The U.S. National Transportation Safety Board (NTSB) has included improving the safety of public helicopter operations, preventing loss of control–in flight accidents in general aviation and strengthening procedural compliance among commercial air transport pilots on its Most Wanted List for 2015. On an annual basis, NTSB updates its list of the top 10 areas that need safety improvements.
“The Most Wanted List is our roadmap for 2015,” said NTSB Acting Chairman Christopher A. Hart, in releasing the list on Jan. 13. “We want it to be a roadmap for policy makers and legislators as well. These are safety improvements for which the time is ripe for action.” In addition to aviation, the list covers safety issues concerning rail transportation, trucking and other surface transportation, and mass transit.
The Transportation Safety Board (TSB) of Canada recently updated its Watchlist of issues that it says pose the greatest risk to Canada’s marine, rail and air transportation sectors. The Watchlist for 2014, released in late November, includes the risk of collisions on runways and approach and landing accidents (ALAs) as air transportation–specific issues, and safety management and oversight as a multi-modal issue.
“Our role at the TSB is to shine a spotlight on the areas where strong action must be taken by the regulator and transportation industry officials, and our evidence is found in hundreds of accident investigations, thousands of hours of research, and dozens of TSB recommendations,” said Kathy Fox, chair of the TSB. The Watchlist is updated every two years.
Helicopter operations were first added to NTSB’s Most Wanted List in 2014. At the time, NTSB said that between January 2003 and May 2013, there had been 1,470 helicopter accidents, with 477 fatalities and 274 serious injuries.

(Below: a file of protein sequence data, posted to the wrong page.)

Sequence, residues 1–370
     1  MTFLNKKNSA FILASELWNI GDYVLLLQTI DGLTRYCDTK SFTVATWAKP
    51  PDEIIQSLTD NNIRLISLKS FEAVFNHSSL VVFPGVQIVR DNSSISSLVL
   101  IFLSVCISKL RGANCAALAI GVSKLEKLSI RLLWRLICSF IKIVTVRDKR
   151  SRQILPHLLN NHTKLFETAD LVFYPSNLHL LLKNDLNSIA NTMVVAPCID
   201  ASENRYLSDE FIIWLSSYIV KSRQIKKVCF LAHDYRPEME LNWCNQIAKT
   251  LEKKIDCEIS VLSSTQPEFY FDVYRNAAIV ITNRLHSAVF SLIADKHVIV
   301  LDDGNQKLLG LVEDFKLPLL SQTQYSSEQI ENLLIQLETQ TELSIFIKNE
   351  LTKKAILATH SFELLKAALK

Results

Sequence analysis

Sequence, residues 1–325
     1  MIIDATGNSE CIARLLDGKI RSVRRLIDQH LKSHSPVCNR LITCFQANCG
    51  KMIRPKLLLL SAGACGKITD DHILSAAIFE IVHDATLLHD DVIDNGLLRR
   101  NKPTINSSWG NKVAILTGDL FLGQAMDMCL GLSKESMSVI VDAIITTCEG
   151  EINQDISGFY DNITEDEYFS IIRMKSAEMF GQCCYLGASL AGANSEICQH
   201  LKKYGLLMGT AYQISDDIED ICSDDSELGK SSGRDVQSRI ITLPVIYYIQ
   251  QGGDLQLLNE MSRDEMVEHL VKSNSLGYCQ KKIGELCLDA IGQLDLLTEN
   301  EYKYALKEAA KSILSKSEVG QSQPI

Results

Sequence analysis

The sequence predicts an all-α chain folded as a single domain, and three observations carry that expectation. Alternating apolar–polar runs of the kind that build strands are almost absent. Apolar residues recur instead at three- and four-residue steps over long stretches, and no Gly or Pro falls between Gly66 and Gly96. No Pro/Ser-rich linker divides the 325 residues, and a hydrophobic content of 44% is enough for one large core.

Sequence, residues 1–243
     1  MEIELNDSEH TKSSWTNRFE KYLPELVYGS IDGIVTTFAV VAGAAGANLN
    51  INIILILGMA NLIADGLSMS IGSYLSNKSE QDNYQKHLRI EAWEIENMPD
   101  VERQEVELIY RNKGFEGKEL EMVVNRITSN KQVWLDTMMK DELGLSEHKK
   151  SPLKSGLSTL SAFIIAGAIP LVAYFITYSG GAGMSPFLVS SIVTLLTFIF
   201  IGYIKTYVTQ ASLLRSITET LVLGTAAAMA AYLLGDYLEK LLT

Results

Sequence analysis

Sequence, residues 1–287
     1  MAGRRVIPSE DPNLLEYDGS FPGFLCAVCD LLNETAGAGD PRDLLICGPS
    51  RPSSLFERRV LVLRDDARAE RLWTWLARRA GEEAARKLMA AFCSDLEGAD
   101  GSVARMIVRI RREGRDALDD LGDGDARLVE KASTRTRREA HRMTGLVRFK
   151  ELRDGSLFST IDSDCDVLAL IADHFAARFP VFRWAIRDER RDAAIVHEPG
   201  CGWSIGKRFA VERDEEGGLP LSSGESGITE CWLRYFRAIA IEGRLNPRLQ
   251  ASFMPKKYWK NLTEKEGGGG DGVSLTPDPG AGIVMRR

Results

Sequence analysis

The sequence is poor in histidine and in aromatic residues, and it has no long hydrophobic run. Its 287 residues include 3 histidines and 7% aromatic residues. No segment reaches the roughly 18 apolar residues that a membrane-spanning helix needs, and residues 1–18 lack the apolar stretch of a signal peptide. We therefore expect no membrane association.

In focusing this year specifically on the safety of helicopters operated by federal, state and local governments, NTSB said it has investigated more than 130 accidents involving such operations since 2004. In these accidents, involving emergency medical services, law enforcement support, and search and rescue and other missions, 50 people were fatally injured and 40 more were seriously injured. In outlining its concerns, NTSB cited three specific accidents, including the crash of an Alaska Department of Public Safety helicopter in March 2013 (see “Punitive Culture”), in which the pilot accepted and attempted to complete the mission even when faced with poor weather at night. All three helicopters crashed before reaching their destinations, killing a total of nine people.
NTSB said that “because public operator safety is not generally governed by Federal Aviation Administration (FAA) regulations, a safety net does not necessarily exist; the safety decisions and programs are solely the responsibility of public operators.” NTSB cited a number of actions that could be taken to improve public helicopter operations safety, including: developing and implementing safety management systems that include sound risk management practices, particularly flight-risk evaluation programs and formalized dispatch and flight-following procedures; implementing best practices for flight crews that include scenario-based training and fatigue management; developing and implementing training scenarios that expose pilots to inadvertent flight into instrument meteorological conditions; installing radio altimeters, night vision imaging systems and terrain awareness and warning systems; and installing crash-resistant flight recorder systems in all aircraft.